Why I Don’t Mix My Groups Of Friends


I lead a double life, maybe a triple or even quadruple the more I think about it. I’m not a serial killer, hooker, dominatrix, CIA agent or anything remotely that exciting, but I practice separate spheres when it comes to my social life. As I get older, I notice myself paring down my friendships. Why waste time with people I don’t genuinely enjoy being with–life’s too short and I’m no longer in college.

You see, while in college it doesn’t really matter who you hang out with–everyone is ‘cool’, ‘chill’, ‘fun’, ‘funny’, drunk. You scarcely even know your friends outside of a party, and therefore you probably will come to realize you hardly want to see or talk to them in the sober light of day. So now you’re twentysomething in the real world, slightly less intoxicated, and you find yourself with fewer but better friends, you know, that “quality over quantity” philosophy old people swear by. In this ubiquitous process of social streamlining I’ve ended up cozying up with a handful of first-rate friends. The catch is, my close friends hail from disparate social circles and in my social calendar they simply don’t mix.

If I had to break things down I guess there are three distinct groups I orbit between. I have my rather conservative petite bourgeoisies investment bankers and their wives. I love them for their fancy education, discriminating wine palates, generosity, antiques, propensity for the Left Bank and weekend homes in Normandy. However, their idea of a *wild* night includes a glass of cider and semi-sober dancing to the Arcade Fire. Group number two on the other hand consists of a more flamboyant mix of characters all hailing from the art/fashion worlds. For the most part they have minor drug problems, communicate in snide quips and generally linger behind velvet ropes. Then there are my decided intellectual activists. They’re passionate, informed, idealistic academics. Over bottles of cheap wine they spend long evenings engrossed in heated discussions about politics, philosophy and love.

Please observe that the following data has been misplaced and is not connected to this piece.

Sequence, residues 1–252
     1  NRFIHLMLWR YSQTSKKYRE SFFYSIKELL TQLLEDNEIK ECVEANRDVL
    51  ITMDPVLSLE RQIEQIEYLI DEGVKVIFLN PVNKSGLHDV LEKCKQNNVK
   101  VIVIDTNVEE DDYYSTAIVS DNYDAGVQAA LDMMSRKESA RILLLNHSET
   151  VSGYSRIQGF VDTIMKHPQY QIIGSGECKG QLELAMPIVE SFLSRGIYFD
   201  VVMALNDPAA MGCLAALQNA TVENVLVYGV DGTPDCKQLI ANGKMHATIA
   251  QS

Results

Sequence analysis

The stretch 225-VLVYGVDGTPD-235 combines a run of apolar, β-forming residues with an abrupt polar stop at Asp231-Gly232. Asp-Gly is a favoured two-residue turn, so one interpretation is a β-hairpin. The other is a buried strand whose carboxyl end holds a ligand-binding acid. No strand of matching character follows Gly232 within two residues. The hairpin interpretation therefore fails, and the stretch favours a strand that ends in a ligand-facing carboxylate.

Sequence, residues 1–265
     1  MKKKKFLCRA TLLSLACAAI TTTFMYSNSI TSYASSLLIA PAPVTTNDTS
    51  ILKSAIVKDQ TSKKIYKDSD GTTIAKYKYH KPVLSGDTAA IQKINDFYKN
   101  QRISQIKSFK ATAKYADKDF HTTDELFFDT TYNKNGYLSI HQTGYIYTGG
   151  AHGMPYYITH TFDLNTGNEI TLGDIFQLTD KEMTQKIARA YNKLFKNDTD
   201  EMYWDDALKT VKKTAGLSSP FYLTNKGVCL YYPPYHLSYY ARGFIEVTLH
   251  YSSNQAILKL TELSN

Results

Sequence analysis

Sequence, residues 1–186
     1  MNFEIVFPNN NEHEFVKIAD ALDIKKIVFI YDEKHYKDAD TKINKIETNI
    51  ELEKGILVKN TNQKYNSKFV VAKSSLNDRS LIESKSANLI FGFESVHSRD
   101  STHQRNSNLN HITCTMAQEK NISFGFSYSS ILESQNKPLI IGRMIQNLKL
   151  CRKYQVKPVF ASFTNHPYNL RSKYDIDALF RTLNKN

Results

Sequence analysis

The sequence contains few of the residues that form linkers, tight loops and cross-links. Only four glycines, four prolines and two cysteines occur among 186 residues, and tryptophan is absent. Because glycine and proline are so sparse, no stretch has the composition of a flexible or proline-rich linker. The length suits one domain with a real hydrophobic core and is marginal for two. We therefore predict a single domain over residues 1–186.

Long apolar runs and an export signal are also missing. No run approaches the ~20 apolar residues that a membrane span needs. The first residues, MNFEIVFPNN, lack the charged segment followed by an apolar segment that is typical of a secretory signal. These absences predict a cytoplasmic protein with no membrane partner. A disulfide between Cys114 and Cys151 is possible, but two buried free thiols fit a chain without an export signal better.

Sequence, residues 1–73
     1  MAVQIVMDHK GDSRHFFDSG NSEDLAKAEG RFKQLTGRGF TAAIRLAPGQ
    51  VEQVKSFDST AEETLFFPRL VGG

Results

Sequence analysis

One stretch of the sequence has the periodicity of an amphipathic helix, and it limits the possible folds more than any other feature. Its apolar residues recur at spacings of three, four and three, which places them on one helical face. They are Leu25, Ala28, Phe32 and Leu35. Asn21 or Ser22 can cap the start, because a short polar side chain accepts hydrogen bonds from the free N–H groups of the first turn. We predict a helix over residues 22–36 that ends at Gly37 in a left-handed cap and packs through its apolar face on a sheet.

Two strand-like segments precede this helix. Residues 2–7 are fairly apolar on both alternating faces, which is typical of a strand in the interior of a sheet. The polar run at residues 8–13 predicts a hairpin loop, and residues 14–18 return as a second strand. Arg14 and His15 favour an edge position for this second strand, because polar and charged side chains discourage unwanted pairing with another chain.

I adore all three, I couldn’t pick a favorite, but I always end up having to make a choice on Friday night because I also know I can never successfully combine them. This isn’t because I’m embarrassed or ashamed of any particular one like you might be thinking. They all know the other groups exist in my life but like any good hostess will tell you, you just can’t please all parties at all times. I know they simply don’t *get* each other because literally the sole thing they have in common is me so that really leaves my birthday and my funeral as the only time for them to ineluctably converge. I happen to know they don’t particularly care for one another, so why impose my varied tastes on them?

If I could have it my way, I would love to be able to call all my friends together to meet at a café for Thursday evening aperitif, but this would be a great disservice to them as everyone would end up decidedly uncomfortable as my investment banker would be horrified by my designer’s story about anal gone wrong in the Silencio bathroom and my intellectual would be mortified by the unabashed decadence at a trendy night club while, across the table, my banker’s 800e cuff links catch the light as he bbms his fiancée. The ultimate result is confusion and uncomfortable silence all around. So I mercifully spare us this unnecessary and selfish social unease, as I must make a choice when sending out that 6pm text. I’ve come to terms this fact, and have even grown to embrace my divergent copaine planes.

However, since I classify my friends, does that mean I have to classify myself? I firmly believe I can have my [friend]cake and eat it too. Maybe this is indicative of an underlying borderline personality disorder, but my different worlds keep me in check. I need my separate spheres to feel fulfilled; I think it keeps me socially limber, plastic, adaptable. Is it so wrong that one could enjoy dancing to Death Cab for Cutie, as much as Kavinsky or Stravinsky? I think all social beings do this to some extent–we all have needs and it’s simply unrealistic to think we can have them properly attended to with one place or person. If we try to stay within the confines of a singular circle we risk conforming and losing those other different and valuable aspects to our persona that make us who we are. Let’s face it, polyphilia just might be the new polygamy. Besides in a life where I know I will never be a Clark Kent or Hannah Baxter, I can at least wear a few different hats when it comes to my mildly schizophrenic social life.

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